Thu, 12 Feb 2004

Mailroom ricin

The detection of ricin, a deadly poison, in the mailroom of U.S. Senate Majority Leader Bill Frist is a pointed reminder that bioterrorism is a threat that cannot be discounted. Although it appears that no one has been harmed in this incident, the potential for harm is undeniable.

The source of the powder is not yet known, but regardless of whose hand was involved in this attack it serves to illustrate that vulnerability exists, even in a closely monitored operation.

It further illustrates that an act of terrorism can be far less spectacular than flying an airplane into a building, but still be insidious and deadly. Americans surely remember the earlier anthrax attacks, in which spores of that potentially fatal disease were mailed to congressional offices and to some private-sector offices.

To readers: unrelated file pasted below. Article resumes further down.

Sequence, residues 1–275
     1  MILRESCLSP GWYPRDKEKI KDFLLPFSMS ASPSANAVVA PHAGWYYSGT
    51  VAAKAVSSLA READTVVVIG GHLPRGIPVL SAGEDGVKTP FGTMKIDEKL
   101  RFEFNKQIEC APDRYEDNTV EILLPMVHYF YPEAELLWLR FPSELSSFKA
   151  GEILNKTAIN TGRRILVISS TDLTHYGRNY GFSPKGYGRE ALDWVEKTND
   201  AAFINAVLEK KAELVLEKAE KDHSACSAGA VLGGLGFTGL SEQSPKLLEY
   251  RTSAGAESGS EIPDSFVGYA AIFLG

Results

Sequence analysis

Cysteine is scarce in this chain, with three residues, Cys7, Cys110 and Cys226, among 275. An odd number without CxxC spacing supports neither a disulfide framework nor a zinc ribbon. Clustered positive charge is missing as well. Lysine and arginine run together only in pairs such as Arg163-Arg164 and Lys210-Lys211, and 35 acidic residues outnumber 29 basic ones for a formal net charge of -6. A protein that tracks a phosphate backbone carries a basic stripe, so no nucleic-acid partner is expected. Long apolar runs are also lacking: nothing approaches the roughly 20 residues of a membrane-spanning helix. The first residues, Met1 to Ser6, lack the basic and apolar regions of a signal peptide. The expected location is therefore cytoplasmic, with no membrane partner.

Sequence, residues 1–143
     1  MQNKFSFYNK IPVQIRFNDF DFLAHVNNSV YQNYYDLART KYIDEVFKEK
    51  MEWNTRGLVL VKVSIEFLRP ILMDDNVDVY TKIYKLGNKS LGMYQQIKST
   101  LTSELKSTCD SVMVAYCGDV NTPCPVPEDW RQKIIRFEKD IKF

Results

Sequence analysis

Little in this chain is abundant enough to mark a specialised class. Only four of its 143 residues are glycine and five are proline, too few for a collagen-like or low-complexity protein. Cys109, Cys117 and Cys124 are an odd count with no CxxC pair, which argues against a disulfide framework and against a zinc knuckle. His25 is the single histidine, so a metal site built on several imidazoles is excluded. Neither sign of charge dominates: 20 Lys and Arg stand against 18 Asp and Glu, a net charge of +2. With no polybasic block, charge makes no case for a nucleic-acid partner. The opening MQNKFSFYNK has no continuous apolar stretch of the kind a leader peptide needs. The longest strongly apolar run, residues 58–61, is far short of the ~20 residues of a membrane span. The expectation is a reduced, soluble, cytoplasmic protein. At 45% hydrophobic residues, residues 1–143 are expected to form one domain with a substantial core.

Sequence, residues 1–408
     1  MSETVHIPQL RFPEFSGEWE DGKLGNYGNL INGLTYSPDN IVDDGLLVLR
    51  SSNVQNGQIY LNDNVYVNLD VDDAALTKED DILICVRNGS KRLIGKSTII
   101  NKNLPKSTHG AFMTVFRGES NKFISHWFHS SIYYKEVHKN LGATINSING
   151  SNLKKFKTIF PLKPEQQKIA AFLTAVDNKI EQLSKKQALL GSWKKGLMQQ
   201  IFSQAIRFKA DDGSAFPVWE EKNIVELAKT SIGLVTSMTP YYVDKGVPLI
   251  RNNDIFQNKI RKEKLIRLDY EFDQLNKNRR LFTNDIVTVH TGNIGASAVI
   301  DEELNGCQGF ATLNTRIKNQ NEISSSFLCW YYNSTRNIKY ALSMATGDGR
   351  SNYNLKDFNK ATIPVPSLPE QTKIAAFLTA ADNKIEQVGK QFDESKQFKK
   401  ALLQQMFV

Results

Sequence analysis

This incident raises once again the call for vigilance in an age in which terrorism, foreign or domestic in origin and varying widely in scale, is an all too common tactic.

-- Montgomery Advertiser, Montgomery, Alabama